Djokovic’s Childhood Friend Obradovic Meets NCAA Champ In Semis

Written by: on 17th September 2011
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Djokovic's Childhood Friend Obradovic Meets NCAA Champ In Semis   |

DJOKOVIC’S CHILDHOOD FRIEND OBRADOVIC MEETS NCAA CHAMP IN SEMIS AT 16th ANNUAL POMONA VALLEY HOSPITAL MEDICAL CENTER USTA PRO CLASSIC

Vladimir Obradovic can still recall a 12-year-old Novak Djokovic hitting tennis ball after tennis ball sometimes five hours a day at the bottom of a drained Olympic-sized swimming pool in war-torn Belgrade, Serbia, which was bombed for 78 days in 1999 by a U.S.-led NATO coalition.

Despite the war and uncertainty of the times, Obradovic says Djokovic never lost sight of his ultimate goal of some day being the world’s best player.

“He was always so talented and so focused,” said Obradovic, who on Friday advanced to the semifinals in singles at the 16th annual Pomona Valley Hospital Medical Center USTA $10,000 Pro Classic being played at the Claremont Club. “Later on, he won the European juniors at age 14 and then the 16s. We always knew he was talented and good. But no one could have imagined the season he’s just had. It’s really amazing.”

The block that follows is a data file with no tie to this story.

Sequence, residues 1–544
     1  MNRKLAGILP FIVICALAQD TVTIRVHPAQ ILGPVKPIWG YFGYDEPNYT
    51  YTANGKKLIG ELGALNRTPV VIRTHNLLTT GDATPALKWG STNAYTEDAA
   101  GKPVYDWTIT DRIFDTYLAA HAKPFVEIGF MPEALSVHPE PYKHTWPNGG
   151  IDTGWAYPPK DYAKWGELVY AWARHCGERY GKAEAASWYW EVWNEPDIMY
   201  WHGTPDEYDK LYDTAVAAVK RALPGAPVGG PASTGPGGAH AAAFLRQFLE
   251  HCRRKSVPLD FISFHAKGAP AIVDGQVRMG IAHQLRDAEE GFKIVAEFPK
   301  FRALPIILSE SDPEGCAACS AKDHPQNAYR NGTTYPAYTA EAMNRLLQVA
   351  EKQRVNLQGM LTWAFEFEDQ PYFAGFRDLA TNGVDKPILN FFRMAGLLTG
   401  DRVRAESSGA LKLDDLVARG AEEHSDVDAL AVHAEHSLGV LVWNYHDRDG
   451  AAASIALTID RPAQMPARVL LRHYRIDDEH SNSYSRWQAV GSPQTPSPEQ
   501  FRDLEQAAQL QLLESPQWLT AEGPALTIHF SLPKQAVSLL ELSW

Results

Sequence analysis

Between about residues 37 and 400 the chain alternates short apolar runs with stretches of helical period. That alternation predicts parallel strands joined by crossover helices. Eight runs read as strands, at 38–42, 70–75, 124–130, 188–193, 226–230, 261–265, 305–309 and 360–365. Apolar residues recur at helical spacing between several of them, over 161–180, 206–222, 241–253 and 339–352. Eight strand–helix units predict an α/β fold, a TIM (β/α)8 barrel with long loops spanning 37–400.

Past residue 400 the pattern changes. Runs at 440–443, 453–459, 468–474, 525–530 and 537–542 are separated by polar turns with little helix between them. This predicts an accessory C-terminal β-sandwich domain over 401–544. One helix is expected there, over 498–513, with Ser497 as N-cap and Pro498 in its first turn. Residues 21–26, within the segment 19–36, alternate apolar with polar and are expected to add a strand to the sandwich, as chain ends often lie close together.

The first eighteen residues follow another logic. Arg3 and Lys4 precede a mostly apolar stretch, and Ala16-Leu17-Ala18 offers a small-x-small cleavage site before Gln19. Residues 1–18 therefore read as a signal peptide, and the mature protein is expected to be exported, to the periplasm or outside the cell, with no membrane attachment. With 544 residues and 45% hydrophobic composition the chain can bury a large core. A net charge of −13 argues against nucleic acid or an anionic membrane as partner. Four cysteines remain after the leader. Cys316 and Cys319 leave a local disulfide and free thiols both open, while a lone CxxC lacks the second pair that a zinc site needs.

Obradovic, who later in the day fell in the doubles final, beat Rudolph Siwy of the Czech Republic in three sets and will next play NCAA champion Steve Johnson of USC in the semifinals on Saturday at 10 a.m.

The Partizan Tennis Club in Belgrade was the hub of tennis in Serbia – which is about as large as the size of Maine — and produced pro players such as Janko Tipsarević, Nenad Zimonjić and Ana Ivanovic, along with Obradovic and Djokovic.

Obradovic can remember Djokovic coming to the club as early as age six and when Obradovic was named to the Serbian Davis Cup team in 2001 at the age of 20, Djokovic was a practice partner at age 15 the same year. “No one minded (Novak) hanging around the older guys,” Obradovic said. “We would always tell him things like about his racquets or his strings and he would always listen to us.”

In a May 23, 2011 Sports Illustrated story, Djokovic spoke to reporter Scott Price about returning to the Partizan Tennis Club, a place he hadn’t been back to in seven years.